When the abbey of Whitby was in the zenith of its glory, the town was little more than a small fishing station, and so late as the year 1540, it did not consist of more than from twenty to thirty houses with a population not exceeding two hundred inhabitants. At that time it is probable there was not a single chimney in the town, the abbey chimney excepted, the common way then, even in towns and cities of much greater consequence, being, to have a hearth in the middle of the room in which was made the fire, the smoke ascending and passing through a large hole at the top of the building, after the fashion of the smoke vomitory of an Irish cabin of the present day. It does not appear during the long reign of Queen Elizabeth, that there was a single vessel deserving the name of a ship that belonged to this port; but the important discovery of the alum mines at the close of that reign raised Whitby from its obscurity, and by opening a channel of commerce, elevated the town to a degree of maritime consequence. The successful progress of the alum works, established by Mr. Chaloner at Guisborough, says Mr. Hinderwell, excited a spirit of emulation, and works of a similar kind were erected in the year 1615, near Sands end, within - three miles of Whitby. This also proved advantageous, and the vicinity of Whitby abounding with alum-stone other adventurers were induced to embark in these undertakings. In consequence of these extended speculations, two great branches of trade were opened at the port of Whitby -one for supplying the works with coal, the other for conveying the alum to distant parts. This infant commerce was gradually matured; the number of vessels were increased; ship building from the oak timber which the vicinity produced was commenced, and by the industry, the enterprise, and the successful speculation of its inhabitants, the town of Whitby rose to opulence, and became a place of considerable importance. Up to the year 1632, the piers were constructed only of wood, with a few loose stones put in the framing, but during that year the stone piers began to be built. through the influence and exertions of the early benefactor of Whitby, Sir Hugh Cholmeley, who, by favour of his relation, the Earl of Strafford, procured liberty for a general contribution throughout England, by which nearly £500. was collected in aid of this public work.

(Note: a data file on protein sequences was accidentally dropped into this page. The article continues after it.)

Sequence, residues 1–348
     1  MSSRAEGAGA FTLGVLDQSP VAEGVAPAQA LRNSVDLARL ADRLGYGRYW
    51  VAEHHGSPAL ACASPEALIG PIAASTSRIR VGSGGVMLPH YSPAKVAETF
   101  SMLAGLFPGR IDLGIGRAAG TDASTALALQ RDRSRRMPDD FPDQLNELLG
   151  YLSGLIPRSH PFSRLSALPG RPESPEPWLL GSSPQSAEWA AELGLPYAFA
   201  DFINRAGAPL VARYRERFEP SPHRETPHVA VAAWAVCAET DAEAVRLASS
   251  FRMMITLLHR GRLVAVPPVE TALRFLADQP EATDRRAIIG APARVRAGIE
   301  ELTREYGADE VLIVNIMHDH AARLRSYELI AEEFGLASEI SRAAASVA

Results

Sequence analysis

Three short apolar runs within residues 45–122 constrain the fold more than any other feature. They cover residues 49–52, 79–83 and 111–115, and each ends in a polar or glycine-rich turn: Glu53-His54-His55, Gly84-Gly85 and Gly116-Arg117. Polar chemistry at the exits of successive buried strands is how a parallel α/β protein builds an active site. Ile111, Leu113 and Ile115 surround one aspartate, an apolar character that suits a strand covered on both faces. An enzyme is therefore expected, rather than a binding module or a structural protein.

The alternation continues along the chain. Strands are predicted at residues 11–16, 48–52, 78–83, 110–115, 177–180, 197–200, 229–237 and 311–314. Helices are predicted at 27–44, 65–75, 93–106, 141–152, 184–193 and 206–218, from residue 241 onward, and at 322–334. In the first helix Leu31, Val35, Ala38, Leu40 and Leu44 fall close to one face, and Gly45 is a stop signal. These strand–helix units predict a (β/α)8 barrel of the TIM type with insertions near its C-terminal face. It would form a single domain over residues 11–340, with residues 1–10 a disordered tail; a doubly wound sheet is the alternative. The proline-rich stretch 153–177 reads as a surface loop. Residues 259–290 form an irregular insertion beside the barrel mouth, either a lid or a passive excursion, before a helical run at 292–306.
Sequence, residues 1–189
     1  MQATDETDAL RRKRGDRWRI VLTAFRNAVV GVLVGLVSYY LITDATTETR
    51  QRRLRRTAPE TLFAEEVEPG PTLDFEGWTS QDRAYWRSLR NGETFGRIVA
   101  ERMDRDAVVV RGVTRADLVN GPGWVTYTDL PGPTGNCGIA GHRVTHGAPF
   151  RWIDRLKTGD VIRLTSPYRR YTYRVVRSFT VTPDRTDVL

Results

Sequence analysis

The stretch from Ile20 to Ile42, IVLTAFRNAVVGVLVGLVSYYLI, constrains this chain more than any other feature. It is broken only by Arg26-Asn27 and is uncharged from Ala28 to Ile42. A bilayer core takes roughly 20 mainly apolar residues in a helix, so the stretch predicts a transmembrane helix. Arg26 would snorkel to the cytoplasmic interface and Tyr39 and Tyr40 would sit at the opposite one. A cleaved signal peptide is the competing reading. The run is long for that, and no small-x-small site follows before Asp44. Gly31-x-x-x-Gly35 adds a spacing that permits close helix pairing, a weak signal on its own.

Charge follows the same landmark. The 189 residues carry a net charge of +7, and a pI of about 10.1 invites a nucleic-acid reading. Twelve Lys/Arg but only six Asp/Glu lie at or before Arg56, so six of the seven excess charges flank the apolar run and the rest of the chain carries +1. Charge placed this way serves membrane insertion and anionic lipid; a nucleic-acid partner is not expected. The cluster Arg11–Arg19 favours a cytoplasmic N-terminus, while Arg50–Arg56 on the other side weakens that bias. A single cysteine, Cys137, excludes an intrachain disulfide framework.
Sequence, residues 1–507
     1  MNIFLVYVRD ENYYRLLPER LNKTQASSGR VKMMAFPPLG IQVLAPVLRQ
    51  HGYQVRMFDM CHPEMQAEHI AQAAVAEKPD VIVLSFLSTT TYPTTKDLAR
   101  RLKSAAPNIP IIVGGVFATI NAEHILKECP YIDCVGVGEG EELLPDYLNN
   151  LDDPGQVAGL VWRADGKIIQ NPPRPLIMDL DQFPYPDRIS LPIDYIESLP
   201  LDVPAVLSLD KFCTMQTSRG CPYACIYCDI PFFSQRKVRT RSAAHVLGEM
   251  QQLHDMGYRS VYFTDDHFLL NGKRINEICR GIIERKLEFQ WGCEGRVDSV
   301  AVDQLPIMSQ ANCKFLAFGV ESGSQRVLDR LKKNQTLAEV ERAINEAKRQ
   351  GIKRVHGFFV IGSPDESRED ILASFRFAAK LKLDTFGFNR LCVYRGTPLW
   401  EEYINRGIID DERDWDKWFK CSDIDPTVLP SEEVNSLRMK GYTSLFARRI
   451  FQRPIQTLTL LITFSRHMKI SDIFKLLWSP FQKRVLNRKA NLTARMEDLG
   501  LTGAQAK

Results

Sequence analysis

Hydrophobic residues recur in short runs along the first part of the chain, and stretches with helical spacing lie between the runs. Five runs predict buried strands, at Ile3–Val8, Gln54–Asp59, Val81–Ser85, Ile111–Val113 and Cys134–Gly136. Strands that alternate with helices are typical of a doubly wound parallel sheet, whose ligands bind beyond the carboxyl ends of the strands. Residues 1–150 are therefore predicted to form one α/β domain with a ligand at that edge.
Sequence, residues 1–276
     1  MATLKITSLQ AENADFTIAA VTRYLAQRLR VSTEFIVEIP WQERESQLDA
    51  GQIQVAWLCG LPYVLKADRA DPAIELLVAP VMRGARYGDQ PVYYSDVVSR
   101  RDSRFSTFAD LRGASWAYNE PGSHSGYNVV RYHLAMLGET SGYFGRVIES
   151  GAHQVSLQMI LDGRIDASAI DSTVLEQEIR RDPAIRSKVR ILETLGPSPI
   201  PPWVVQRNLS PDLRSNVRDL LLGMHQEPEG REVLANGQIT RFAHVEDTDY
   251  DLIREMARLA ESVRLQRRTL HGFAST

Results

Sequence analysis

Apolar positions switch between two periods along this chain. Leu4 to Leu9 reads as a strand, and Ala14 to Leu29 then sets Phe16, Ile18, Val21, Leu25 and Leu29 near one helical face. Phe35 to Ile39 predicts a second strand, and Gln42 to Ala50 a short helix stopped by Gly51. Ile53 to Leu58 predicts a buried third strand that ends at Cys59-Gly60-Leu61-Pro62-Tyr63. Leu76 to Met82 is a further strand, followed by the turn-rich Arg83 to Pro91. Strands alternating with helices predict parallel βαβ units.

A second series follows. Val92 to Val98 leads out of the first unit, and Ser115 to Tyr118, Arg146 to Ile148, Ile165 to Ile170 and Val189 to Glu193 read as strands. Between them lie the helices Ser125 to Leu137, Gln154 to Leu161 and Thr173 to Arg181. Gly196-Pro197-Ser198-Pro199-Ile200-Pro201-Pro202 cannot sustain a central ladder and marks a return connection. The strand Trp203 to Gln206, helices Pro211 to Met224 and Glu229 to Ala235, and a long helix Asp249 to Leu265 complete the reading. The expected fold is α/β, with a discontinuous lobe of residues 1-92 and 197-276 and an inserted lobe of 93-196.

Since that time the piers have been progressively extending with the increase of commerce. For the support and extension of these piers, there is paid a duty of a halfpenny per chaldron on all coals shipped at Newcastle or its dependencies, except in Yarmouth vessels, and the sum raised by this duty, together with the perpetual duties levied at Whitby, in virtue of the acts of 1702 and 1720, on salt, grain, and foreign goods, landed here, and on butter and fish shipped hence, amounts to £2000. a year. From the funds thus provided, the harbour has been wonderfully improved, and an effectual barrier interposed to protect the town from the fury of the German Ocean. Since the year 1702, the east pier, which extends six hundred and forty-five feet into the sea, has been entirely built; and the west pier has been enlarged and improved, and now extends to the distance of one thousand eight hundred and sixty feet from the shore. Besides these outer piers others have been formed within the harbour at sufficient distances to direct the current, to break the force of the waves, and thus to give a great security both to the shipping and to the premises abutting on the harbour. Rocks that formerly obstructed the mouth of the haven have been removed, and immense beds of sand that once filled a considerable part of the harbour, and even threatened to choke up the entrance have by the projection of the piers been all cleared away. A commodious quay from Haggersgate to the west pier has been recently erected, and forms, says Mr. Young, in his excellent history of Whitby, one of the finest improvements which the town and harbour have experienced. The entrance to the harbour between the heads of the two outer, piers is about ninety-two yards wide; between the Burgess pier and the Scotch head the width is seventy-two yards; but the third entrance between the Fish pier and the Coffee house does not exceed sixty-eight yards. The depth of the water in the harbour at neap-tides is from ten to twelve feet, and at the spring tides generally from fifteen to eighteen feet. In stormy weather it is necessary for vessels to go above the bridge to escape the swell but there is room in this inner harbour to accommodate a large fleet, and the water up to Boghall is of sufficient depth to receive them. A harbour master is appointed to direct the vessels & their proper mooring, and there are fourteen pilots belonging to the port who take charge of vessels entering into the harbour or going out to sea. The batteries are closely connected with the piers, and the cost of their outfit and support is defrayed from the same fund. When the west pier was lengthened in 1734, its circular termination was formed into a battery with embrasures for five pieces of cannon, which have since been increased to six; and since the erection of the quay a battery which before existed near the Scotch head, has been strongly re-built in the form of a crescent, with a small tower at each angle, and is furnished with eight eighteen pounders.